On Wednesday, the Financial Times of London reported that "Mahmoud Ahmadinejad, Iran's president, on Wednesday accused the U.S. and its allies of trying to destabilize Iran through ethnic unrest."[1]  --  "Ethnic unrest has been growing in recent months in Iran's peripheral and poorest areas," Gareth Smyth noted.  --  "The Kurdish west, Arab southwest and Baluchi southeast have all seen violence against officials and buildings."  --  What the Financial Times does not report is that there have been long reports of U.S. covert action in Iran.  --  It is worth recalling that in an article entitled "The Coming Wars," published in the Jan. 24-31, 2005, issue of the New Yorker, Seymour Hersh reported:  "The next strategic target [is] Iran. . . . The Administration has been conducting secret reconnaissance missions inside Iran at least since last summer [i.e. Summer 2004]. . . . An American commando task force has been set up in South Asia and . . . has been penetrating eastern Iran from Afghanistan. . . . Strategists at the headquarters of the U.S. Central Command, in Tampa, Florida, have been asked to revise the military’s war plan, providing for a maximum ground and air invasion of Iran. . . . The hawks in the Administration believe that it will soon become clear that the Europeans’ negotiated approach [to Iran] cannot succeed, and that at that time the Administration will act. . . . The legal questions about the Pentagon’s right to conduct covert operations without informing Congress have not been resolved. . . . The new rules will enable the Special Forces community to set up what it calls 'action teams' in the target countries overseas. . . . [A] former high-level intelligence official . . . said. “The objective now is to recruit locals in any area we want. And we aren’t going to tell Congress about it." ...

1.

Middle East & Africa

Iran

AHMADINEJAD ACCUSES U.S. OF FOMENTING ETHNIC UNREST
By Gareth Smyth

Financial Times (UK)
May 23, 2006

http://news.ft.com/cms/s/0cad0aee-eb49-11da-823e-0000779e2340.html

TEHRAN -- Mahmoud Ahmadinejad, Iran's president, on Wednesday accused the U.S. and its allies of trying to destabilize Iran through ethnic unrest.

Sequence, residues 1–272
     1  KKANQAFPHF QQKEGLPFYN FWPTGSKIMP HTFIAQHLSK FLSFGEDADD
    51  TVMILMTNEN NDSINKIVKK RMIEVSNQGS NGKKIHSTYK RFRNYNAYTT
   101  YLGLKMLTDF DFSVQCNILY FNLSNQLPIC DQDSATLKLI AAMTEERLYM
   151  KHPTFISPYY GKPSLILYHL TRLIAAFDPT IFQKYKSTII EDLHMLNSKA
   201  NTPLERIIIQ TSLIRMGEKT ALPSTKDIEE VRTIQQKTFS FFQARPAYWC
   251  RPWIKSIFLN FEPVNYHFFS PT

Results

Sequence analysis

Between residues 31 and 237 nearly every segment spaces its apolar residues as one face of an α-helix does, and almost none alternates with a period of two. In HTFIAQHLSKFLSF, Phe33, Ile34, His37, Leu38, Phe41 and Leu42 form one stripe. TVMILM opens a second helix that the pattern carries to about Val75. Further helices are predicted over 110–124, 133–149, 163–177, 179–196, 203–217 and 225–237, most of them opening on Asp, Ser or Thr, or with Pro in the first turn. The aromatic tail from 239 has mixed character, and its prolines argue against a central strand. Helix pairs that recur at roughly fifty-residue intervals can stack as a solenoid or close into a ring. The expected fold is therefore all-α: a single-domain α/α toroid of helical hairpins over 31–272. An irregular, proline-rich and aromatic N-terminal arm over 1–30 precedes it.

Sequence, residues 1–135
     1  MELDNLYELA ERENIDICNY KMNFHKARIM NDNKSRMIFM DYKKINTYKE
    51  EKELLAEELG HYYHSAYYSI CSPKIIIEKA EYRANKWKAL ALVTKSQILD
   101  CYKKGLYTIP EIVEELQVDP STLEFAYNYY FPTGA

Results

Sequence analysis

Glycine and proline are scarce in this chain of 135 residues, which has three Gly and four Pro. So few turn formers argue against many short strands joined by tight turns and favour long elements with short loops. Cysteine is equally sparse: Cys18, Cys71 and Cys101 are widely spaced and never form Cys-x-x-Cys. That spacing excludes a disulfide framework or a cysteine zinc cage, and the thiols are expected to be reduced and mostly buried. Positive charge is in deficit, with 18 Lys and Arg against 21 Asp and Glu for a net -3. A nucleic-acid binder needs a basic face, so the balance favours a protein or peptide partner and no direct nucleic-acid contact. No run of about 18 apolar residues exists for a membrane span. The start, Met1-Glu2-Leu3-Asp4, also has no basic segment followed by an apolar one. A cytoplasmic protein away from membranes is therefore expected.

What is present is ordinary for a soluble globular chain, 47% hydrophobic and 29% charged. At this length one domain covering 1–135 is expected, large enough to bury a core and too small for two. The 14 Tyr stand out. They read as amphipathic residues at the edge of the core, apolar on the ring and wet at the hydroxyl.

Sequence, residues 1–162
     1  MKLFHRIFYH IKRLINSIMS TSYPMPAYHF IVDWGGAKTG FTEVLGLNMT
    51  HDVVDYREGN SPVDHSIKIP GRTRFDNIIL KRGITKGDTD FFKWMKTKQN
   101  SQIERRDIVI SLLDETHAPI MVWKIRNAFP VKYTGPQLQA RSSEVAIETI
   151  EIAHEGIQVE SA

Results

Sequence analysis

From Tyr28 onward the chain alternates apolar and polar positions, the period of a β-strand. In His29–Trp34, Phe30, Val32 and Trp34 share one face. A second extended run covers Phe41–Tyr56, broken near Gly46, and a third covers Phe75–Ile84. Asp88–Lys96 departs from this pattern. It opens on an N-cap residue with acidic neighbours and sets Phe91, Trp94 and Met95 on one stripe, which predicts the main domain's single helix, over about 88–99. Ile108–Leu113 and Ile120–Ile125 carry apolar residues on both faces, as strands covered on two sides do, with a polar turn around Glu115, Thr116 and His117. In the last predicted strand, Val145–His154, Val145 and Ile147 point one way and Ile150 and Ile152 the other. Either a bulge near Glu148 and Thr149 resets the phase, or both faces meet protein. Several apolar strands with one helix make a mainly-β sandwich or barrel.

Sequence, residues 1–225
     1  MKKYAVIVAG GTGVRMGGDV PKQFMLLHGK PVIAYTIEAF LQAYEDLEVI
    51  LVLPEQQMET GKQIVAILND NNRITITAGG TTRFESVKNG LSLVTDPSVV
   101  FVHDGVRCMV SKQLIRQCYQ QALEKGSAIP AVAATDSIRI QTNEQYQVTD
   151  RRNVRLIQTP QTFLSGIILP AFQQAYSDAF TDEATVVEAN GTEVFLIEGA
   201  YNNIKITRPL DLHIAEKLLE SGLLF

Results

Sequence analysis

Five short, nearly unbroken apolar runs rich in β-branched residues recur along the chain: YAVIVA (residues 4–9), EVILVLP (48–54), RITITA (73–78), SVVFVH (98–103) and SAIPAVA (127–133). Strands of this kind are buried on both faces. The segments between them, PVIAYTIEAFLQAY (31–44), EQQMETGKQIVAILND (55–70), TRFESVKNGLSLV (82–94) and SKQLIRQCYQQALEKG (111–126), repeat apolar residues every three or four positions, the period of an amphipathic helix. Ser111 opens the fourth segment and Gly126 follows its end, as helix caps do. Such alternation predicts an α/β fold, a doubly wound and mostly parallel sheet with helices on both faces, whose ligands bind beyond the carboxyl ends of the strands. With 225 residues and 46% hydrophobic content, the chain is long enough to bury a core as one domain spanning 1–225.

His remarks followed large demonstrations in the mainly Azeri northwest against publication of an offensive cartoon, and as Iranian security forces carried out exercises in the mainly Baluchi south east.

Iranian officials have expressed concern in recent months at reports of U.S. support for separatist groups among Iran's ethnic minorities, who account for about half of the country's 68m population.

Many separatist groups have offices in the U.S. or Europe, and U.S. government agencies have been researching Iran's ethnic make-up.

"They [the U.S. and its allies] must know they will not be able to provoke divisions . . . among the dear Iranian nation," Mr. Ahmadinejad said, in a speech in the mainly Arab southwestern city of Khoramshah.

Ethnic unrest has been growing in recent months in Iran's peripheral and poorest areas. The Kurdish west, Arab southwest and Baluchi southeast have all seen violence against officials and buildings.

A reported 3,000 troops took part this week in operation "Authority" in Sistan-Baluchestan province following the deaths of 12 civilians this month in violence officials blamed on Jundallah, a militant Baluchi group.

In a rare example of unrest among the Azeris, Iran's largest minority, large demonstrations in Tabriz and other northwestern cities followed last Friday's publication in Tehran of a cartoon of a cockroach speaking Azeri.

On Tuesday, the judiciary jailed the cartoonist and editor of the children's supplement of the state-owned Iran newspaper. Such swift action probably reflected the Azeris' central role in Iranian life.

The business-minded Azeris do not -- unlike the Kurds or Baluchi -- allege discrimination in jobs or development. They make up a large part of Tehran's 12m population and share the Shia faith with about 85 per cent of Iranians.

Akbar Alami, a Tabriz deputy, yesterday said Azeris, who speak a Turkish dialect, were frustrated at being the butt of jokes. "As long as . . . stupid and naive people are shown in films speaking with a Turkish accent . . . there are hidden wounds that suddenly open and burst in flames," he said.

Underlining concern among the political élite, Akbar Hashemi Rafsanjani, the former president, yesterday said "national solidarity" was "very important for Iran when we are more than ever faced with threats."